Understanding the Duties of a Corporate Director

Home / Blog / Business Litigation / Understanding the Duties of a Corporate Director
Understanding the Duties of a Corporate Director

Directors and officers of companies owe a duty to the ownership of those companies to act in their best interests. In other words, directors act as trustees to business owners, putting the companies’ interests ahead of their own personal interests. In this role, directors owe both a duty of loyalty to the owners — both majority and minority shareholders — and a fiduciary duty to exercise reasonable care in the oversight of a company’s affairs.

Directors’ Duties

The primary role of a board of directors is to protect shareholders’ assets and ensure a reasonable return on their investment in the company. This fiduciary duty requires directors to be well informed about the company’s operations and base their decision-making on the best interests of the company and its shareholders.

A board of directors’ duties are usually outlined in a company’s by-laws and typically involve establishing policies and goals; selecting corporate officers; providing operational, regulatory and legal oversight; securing sufficient funding for organizational operations; and being accountable to shareholders for the company’s financial performance.

Directors’ Powers

All of a corporation’s business affairs are under the oversight of its board of directors. A company’s officers typically manage daily operational decisions, but the directors are responsible for making certain major business decisions like employment and compensation policies, mergers and acquisitions, asset sales, and other matters that impact shareholders. Directors’ powers are limited to what is allowed in the corporation’s articles of incorporation and by-laws or issues that must be approved by shareholder vote.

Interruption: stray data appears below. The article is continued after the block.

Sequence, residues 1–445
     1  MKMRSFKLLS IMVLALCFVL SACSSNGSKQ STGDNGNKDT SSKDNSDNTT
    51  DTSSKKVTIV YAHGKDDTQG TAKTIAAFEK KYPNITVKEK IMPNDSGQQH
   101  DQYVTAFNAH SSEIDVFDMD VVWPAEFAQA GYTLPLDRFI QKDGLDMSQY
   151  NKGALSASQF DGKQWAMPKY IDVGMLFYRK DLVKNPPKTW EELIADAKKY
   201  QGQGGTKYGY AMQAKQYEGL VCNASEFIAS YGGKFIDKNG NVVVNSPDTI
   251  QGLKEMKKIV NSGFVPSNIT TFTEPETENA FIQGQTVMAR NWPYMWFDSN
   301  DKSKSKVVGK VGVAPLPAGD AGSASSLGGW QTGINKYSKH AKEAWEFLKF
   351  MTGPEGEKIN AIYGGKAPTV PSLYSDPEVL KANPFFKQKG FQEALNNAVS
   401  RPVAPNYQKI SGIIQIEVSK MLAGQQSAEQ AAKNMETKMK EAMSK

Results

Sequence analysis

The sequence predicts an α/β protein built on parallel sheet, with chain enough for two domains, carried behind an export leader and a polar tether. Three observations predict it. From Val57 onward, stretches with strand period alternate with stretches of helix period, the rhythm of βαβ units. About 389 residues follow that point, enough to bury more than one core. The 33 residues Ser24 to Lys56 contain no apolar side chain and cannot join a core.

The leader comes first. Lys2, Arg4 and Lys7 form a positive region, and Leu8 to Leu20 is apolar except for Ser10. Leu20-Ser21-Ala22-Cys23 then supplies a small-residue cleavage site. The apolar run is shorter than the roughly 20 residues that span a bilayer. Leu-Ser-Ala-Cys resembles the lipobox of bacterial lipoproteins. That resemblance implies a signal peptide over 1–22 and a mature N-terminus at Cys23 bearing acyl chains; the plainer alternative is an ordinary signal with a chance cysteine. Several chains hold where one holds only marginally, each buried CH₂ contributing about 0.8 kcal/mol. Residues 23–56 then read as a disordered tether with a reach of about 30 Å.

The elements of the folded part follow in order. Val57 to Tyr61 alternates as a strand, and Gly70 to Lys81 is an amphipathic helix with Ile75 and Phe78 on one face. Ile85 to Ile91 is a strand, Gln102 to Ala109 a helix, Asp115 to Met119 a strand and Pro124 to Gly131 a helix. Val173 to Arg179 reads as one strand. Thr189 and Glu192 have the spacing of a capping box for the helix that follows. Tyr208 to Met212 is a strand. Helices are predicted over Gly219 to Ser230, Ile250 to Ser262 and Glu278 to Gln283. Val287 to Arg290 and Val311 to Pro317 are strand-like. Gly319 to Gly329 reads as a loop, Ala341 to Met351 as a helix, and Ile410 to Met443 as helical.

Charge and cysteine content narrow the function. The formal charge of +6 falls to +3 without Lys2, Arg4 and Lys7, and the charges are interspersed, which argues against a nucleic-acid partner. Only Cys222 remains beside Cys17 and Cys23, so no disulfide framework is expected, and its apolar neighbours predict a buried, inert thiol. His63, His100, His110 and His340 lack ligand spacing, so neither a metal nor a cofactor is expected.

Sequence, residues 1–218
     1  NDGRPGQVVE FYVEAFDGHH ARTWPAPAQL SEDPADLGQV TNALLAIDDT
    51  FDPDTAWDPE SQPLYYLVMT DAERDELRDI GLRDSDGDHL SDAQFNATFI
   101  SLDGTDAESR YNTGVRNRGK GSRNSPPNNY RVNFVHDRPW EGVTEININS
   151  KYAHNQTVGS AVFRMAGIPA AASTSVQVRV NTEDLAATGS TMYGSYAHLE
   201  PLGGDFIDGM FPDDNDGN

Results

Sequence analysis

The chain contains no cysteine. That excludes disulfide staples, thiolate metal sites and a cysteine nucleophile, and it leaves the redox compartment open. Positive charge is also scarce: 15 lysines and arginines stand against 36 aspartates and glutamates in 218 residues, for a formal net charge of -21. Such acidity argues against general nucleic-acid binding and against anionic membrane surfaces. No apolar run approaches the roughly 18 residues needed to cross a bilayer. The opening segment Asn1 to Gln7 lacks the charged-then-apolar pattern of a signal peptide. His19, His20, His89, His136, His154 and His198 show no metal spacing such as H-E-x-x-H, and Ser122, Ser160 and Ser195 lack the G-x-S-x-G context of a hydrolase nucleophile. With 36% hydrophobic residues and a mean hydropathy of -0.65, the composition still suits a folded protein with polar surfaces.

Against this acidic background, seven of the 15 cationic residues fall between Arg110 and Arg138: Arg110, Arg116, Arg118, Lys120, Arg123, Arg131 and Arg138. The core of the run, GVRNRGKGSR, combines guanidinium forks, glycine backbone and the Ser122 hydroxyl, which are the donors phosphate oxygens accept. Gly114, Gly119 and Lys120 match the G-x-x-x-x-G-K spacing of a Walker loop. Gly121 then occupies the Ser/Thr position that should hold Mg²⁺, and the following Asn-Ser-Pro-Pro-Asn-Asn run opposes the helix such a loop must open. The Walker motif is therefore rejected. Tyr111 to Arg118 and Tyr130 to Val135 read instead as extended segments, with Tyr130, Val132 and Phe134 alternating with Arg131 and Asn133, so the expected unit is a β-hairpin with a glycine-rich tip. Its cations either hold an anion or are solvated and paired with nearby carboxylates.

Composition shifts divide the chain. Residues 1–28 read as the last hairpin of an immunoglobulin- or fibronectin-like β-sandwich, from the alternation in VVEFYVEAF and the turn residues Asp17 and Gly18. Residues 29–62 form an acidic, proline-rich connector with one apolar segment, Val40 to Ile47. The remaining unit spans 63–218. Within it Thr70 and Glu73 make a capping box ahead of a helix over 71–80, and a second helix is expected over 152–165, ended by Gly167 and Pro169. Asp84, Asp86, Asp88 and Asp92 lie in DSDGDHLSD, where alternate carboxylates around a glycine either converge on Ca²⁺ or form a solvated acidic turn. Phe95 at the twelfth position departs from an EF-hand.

Directors’ Liability

If any fiduciary duties are breached, this can lead to litigation, exposing officers and directors to personal liability. However, officers and directors are not liable if they acted reasonably and in good faith. In addition, a corporation’s by-laws or articles of incorporation may further indemnify directors from personal liability.

Williams Commercial Law Group, L.L.P., has the experience and reputation that you want when you are dealing with a business-related lawsuit. We are here to obtain the best possible outcome for your situation. Do not hesitate to contact Williams Commercial Law Group, L.L.P., at (602) 256-9400, and see how we can help you resolve your legal matter.

The information you obtain at this site is not, nor is it intended to be, legal advice. You should consult an attorney for advice regarding your individual situation. We invite you to contact us, though doing so does not create an attorney-client relationship. Please do not send any confidential information to us until such time as an attorney-client relationship has been established. Our description of what we believe to be superior technology and how we win cases reflects our typical approach to litigation, which we believe:  (i) gives us a competitive advantage, and (ii) is responsible for any success we have had. But we do not win every case. Other lawyers may have technology or approaches that they believe gives them an advantage. Also, the results that we have obtained in other cases or that are described in our clients’ testimonials do not guarantee, promise, or predict the outcome of your case, which depends on the law, facts, and evidence specific to it.